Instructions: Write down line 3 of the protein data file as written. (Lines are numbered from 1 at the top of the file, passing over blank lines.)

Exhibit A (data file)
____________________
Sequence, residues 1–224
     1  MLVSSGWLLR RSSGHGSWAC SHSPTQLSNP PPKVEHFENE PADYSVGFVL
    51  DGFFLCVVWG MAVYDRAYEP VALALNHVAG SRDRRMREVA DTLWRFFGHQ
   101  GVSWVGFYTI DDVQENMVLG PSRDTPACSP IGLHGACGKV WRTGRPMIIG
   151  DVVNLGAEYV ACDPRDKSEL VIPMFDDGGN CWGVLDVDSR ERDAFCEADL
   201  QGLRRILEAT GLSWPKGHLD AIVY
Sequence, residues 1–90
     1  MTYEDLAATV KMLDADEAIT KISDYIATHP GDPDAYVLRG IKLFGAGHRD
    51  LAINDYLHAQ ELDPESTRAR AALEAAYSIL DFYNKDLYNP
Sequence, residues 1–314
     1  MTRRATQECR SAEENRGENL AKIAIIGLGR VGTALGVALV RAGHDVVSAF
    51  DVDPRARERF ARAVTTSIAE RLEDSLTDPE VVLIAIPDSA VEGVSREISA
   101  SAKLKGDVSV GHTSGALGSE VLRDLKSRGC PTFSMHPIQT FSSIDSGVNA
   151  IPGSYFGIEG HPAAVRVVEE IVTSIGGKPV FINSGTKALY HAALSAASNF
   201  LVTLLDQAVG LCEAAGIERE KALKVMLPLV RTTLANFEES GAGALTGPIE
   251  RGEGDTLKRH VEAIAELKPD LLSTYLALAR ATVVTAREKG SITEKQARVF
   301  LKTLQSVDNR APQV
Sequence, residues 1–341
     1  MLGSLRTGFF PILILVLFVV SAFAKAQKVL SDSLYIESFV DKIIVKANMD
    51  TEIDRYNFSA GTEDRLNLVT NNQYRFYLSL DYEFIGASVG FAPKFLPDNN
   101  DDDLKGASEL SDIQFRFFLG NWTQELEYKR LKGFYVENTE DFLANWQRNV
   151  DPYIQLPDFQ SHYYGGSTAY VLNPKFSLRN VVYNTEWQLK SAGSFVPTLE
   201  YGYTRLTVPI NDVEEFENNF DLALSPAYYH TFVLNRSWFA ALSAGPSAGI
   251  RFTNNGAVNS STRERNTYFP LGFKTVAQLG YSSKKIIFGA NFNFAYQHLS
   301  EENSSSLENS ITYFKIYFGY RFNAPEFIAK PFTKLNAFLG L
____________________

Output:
    51  DGFFLCVVWG MAVYDRAYEP VALALNHVAG SRDRRMREVA DTLWRFFGHQ